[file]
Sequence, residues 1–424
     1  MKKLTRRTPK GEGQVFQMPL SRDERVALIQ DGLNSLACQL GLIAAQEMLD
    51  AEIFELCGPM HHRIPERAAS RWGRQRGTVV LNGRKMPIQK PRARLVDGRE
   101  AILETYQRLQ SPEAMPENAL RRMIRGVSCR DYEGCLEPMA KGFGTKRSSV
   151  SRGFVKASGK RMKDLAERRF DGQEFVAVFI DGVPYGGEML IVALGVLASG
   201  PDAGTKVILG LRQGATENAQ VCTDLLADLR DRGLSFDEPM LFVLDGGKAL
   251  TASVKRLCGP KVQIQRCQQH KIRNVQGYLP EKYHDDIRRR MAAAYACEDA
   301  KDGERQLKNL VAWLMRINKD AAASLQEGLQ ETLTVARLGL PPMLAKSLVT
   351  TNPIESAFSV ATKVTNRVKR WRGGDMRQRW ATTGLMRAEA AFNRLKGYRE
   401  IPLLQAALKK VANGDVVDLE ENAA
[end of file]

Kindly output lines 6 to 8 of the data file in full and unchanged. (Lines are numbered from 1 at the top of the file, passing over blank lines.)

   201  PDAGTKVILG LRQGATENAQ VCTDLLADLR DRGLSFDEPM LFVLDGGKAL
   251  TASVKRLCGP KVQIQRCQQH KIRNVQGYLP EKYHDDIRRR MAAAYACEDA
   301  KDGERQLKNL VAWLMRINKD AAASLQEGLQ ETLTVARLGL PPMLAKSLVT